Host-parasite interactions that guide red blood cell invasion by malaria parasites

Curr Opin Hematol. 2015 May;22(3):220-6. doi: 10.1097/MOH.0000000000000135.


Purpose of review: Malaria is caused by the infection and proliferation of parasites from the genus Plasmodium in red blood cells (RBCs). A free Plasmodium parasite, or merozoite, released from an infected RBC must invade another RBC host cell to sustain a blood-stage infection. Here, we review recent advances on RBC invasion by Plasmodium merozoites, focusing on specific molecular interactions between host and parasite.

Recent findings: Recent work highlights the central role of host-parasite interactions at virtually every stage of RBC invasion by merozoites. Biophysical experiments have for the first time measured the strength of merozoite-RBC attachment during invasion. For P. falciparum, there have been many key insights regarding the invasion ligand PfRh5 in particular, including its influence on host species tropism, a co-crystal structure with its RBC receptor basigin, and its suitability as a vaccine target. For P. vivax, researchers identified the origin and emergence of the parasite from Africa, demonstrating a natural link to the Duffy-negative RBC variant in African populations. For the simian parasite P. knowlesi, zoonotic invasion into human cells is linked to RBC age, which has implications for parasitemia during an infection and thus malaria.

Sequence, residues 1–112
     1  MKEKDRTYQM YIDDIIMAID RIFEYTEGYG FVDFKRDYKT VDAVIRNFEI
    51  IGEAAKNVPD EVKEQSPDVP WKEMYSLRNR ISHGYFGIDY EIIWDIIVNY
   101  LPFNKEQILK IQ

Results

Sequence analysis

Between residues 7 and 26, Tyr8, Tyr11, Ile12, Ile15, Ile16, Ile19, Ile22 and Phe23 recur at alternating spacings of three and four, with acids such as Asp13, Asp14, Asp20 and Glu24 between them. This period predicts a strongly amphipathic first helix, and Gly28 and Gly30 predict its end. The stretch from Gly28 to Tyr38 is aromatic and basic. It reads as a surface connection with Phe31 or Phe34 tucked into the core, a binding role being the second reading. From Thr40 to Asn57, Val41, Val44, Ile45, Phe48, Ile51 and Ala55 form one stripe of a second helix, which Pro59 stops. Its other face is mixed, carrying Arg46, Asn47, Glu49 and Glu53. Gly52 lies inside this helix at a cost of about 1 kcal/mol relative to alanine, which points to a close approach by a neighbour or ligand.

Summary: New studies of the molecular and cellular mechanisms governing RBC invasion by Plasmodium parasites have shed light on various aspects of parasite biology and host cell tropism, and indicate opportunities for malaria control.

Publication types

  • Research Support, N.I.H., Extramural
  • Review

MeSH terms

  • Animals
  • Erythrocytes / parasitology*
  • Host-Parasite Interactions / physiology*
  • Humans
  • Malaria*